Up next we have the bands 2nd single as The Who; a Townshend and Daltrey composition, 'Anyway, Anyhow, Anywhere', filled with lots of feedback, it really showcased The Who's stage sound at the time, albeit without the piano. This is one of my favourites from their early singles as it is an often forgotten track, it was released in May 1965 and reached number 10 in the UK Singles Chart.
'Instant party mixture' is a weird sort of track, it starts off sounding a bit like Shawaddywaddy before heading into a jam style 'Johnny B Goode' fade out. There are some comedy moments in it when the backing lyric doesn't have any relevance to the song whatsoever , in response to the main vocal" What makes grandpa do the Monster Mash? ", Keith Moon responds in a gruff voice "It's 'cause me pockets are full of Sausage 'n' Mash!". Do not get this track confused with 'Circles (Instant Party', the two songs are totally different, with this being the weaker version, full of Doo Wop " shoop-shoop shoop-sha-wadda-wadda".
'I Don't Mind' and 'The Good's Gone' full length versions are the next two tracks, not much difference between the original album tracks and these, apart from an extra 10 seconds added to 'I Don't Mind' and an extra 30 seconds added to 'The Good's Gone', that only a keen listener would be able to tell the difference. I think these were just added to make up the numbers.
For all the karaoke lovers out there, we have an instrumental version of 'My Generation', what a difference it makes listening to this track without the vocals. As much as I am not a fan of instrumentals, I love this one.
Next we have an a cappella version of 'Anytime You Want Me', What a beautiful version this is, you can really hear how good Daltreys voice really is, and the harmonies are really good too. This is my favourite track on this disc and is the song of the moment for me.
The album finishes with two mono mixes, ' A Legal Matter' and 'My Generation', both with guitar overdubs. You can definitely hear the difference when listening to them back to back with the stereo versions. They could have probably omitted these from this disc, mono does not compete with stereo at all, although you do hear the lead guitar more on 'My Generation'.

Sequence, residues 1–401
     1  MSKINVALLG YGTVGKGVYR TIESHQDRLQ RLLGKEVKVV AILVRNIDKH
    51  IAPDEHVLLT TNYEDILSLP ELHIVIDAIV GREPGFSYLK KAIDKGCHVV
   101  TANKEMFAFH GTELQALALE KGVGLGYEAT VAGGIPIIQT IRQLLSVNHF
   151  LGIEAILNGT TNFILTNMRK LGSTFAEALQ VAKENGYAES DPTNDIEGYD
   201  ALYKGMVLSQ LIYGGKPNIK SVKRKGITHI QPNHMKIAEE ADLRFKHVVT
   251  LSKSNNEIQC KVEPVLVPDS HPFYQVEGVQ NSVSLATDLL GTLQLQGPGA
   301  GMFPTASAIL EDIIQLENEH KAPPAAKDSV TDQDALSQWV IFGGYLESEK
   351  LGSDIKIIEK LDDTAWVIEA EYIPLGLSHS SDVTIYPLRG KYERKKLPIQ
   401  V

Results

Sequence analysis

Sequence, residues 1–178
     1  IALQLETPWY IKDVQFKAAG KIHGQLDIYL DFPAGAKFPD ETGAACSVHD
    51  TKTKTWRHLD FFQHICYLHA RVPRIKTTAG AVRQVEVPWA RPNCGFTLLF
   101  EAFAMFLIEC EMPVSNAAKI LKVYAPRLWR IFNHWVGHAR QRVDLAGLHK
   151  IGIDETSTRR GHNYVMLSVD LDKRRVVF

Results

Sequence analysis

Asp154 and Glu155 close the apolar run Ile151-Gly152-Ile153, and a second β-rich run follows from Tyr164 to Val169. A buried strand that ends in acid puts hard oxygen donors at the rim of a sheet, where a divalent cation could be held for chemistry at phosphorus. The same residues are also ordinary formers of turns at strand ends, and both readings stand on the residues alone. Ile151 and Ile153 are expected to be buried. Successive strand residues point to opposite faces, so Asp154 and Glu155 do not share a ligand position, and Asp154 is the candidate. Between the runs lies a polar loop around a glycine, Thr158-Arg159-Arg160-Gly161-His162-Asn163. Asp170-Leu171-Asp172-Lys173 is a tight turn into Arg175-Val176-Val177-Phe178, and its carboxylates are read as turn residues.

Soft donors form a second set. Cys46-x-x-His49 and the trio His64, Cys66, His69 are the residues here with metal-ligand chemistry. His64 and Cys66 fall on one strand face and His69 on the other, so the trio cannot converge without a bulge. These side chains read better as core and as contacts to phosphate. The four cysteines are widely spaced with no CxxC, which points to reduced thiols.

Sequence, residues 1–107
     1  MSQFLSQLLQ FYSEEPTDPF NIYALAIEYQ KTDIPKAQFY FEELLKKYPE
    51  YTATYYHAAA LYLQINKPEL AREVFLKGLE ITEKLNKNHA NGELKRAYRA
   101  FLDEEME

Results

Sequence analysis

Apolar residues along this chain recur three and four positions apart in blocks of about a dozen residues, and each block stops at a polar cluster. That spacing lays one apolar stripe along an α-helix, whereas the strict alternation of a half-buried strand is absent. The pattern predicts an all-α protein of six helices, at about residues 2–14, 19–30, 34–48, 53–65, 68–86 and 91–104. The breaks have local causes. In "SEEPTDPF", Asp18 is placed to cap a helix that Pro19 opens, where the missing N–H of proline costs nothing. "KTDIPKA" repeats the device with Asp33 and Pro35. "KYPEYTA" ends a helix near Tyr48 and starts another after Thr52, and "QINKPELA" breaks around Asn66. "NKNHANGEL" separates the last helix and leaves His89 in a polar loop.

The Who went on from strength to strength after this album, releasing a number of singles (none of them got to number 1, they were so unfortunate). Later in their career they became more of an album band with the release of Pete Townshends rock opera 'Tommy', 'Who's Next', and 'Quadrophenia'. They became famous for their live stage act and were hailed as rock gods, and rightly so. Keith Moon sadly passed away after 14 years of excess in 1978, at the tender age of 32, living up to the line in 'My Generation', "I hope I die before I get old". John Entwistle passed away at the age of 57, from a heart attack brought on by the use of cocaine. Pete Townshend and Rodger Daltrey still record and tour to this day, as The Who and performed at the closing ceremony of the 2012 Olympic Games in London.
All songs written by Townshend unless otherwise stated.
1) Out in the Street
2) I Don't Mind (Brown)
3) The Good's Gone
4) La-La-La Lies
5) Much Too Much
6) My Generation
7) The Kids Are Alright
8) Please Please Please (Brown, Terry)
9) It's Not True
10) I'm a Man (Bo Diddley)
11) A Legal Matter
12) The Ox (Townshend, Moon, Entwistle, Hopkins)
13) Instant Party (Circles)
14) I Can't Explain
15) Bald Headed Woman (Talmy)
16) Daddy Rolling Stone (Blackwell)
1) Leaving Here (Holland-Dozier-Holland)
2) Lubie (Come Back Home) (Talmy)
3) Shout and Shimmy (Brown)
4) (Love Is Like A) Heat Wave (Holland-Dozier-Holland)
5) Motoring (Hunter, Jones, Stevenson)
6) Anytime You Want Me (Mimms)
7) Anyway, Anyhow, Anywhere (Townshend, Daltrey)
8) Instant Party Mixture
9) I Don't Mind
10) The Good's Gone
11) My Generation (Instrumental)
12) Anytime You Want Me (a cappella)
13) A Legal Matter (Mono with guitar overdub)
14) My Generation (Mono with guitar overdub)
There were two covers for the two different versions of the album; The British version showed the band standing next to some oil drums, looking up at the camera, John Entwistle has a Union Flag draped over his shoulders and stencil writing for the name of the band and the name of the album The American version has Big Ben in the background with the band looking straight at the camera. This version reverts back to the British album cover, which I feel is much better.
Quite expensive for a double CD, you can pick this album up for £22.86 from amazon.co.uk but for any fan of The Who, the price is definitely worth it.
Overall this special edition of the album is a great addition to my collection, due to the extra content on disc 2. I love the reworkings of the soul and R n' B classics here, and some of them, I feel, are better than the originals. The original album is not too bad, but compared to some of The Who's latter stuff it is one of their weakest. At a time when they were a four piece playing maximum R n' B, the introduction of the piano on some of the tracks they would have played during their live set at the time, kind of weakens it for me. This album, I would recommend purely to fans of the group and is certainly not a good place to start for anyone wishing to get into The Who, for that I would recommend 'The Ultimate Collection' or something similar. I give this album 4/5, and it only loses points for the piano, which I don't think adds anything to the songs at all. Granted there are a few weak numbers here, but the good songs more than make up for that.
Disc #1 Tracklisting
1 Out In The Street
2 I Don't Mind
3 The Good's Gone
4 La La La Lies
5 Much Too Much
6 My Generation (Stereo)
7 The Kids Are Alright
8 Please, Please, Please
9 It's Not True
10 I'm A Man
11 A Legal Matter
12 The Ox
14 I Can't Explain
15 Bald Headed Woman
16 Daddy Rolling Stone
Disc #2 Tracklisting
1 Leaving Here
2 Lubie (Come Back Home)
3 Shout and Shimmy
4 (Love Is Like A) Heat Wave
6 Anytime You Want Me
7 Anyhow Anywhere Anyway
8 Instant Party Mixture
9 I Don't Mind
10 The Good's Gone
11 My Generation (Instr.)
12 Anytime You Want Me
13 A Legal Matter
14 My Generation (Mono)